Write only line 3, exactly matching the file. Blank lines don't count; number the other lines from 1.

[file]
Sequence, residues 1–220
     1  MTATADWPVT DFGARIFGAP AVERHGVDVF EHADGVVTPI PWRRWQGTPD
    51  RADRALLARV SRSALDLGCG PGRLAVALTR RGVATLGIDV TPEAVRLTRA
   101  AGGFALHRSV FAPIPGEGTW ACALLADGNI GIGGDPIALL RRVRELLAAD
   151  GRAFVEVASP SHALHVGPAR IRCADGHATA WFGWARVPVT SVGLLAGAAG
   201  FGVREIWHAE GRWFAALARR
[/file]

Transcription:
    51  RADRALLARV SRSALDLGCG PGRLAVALTR RGVATLGIDV TPEAVRLTRA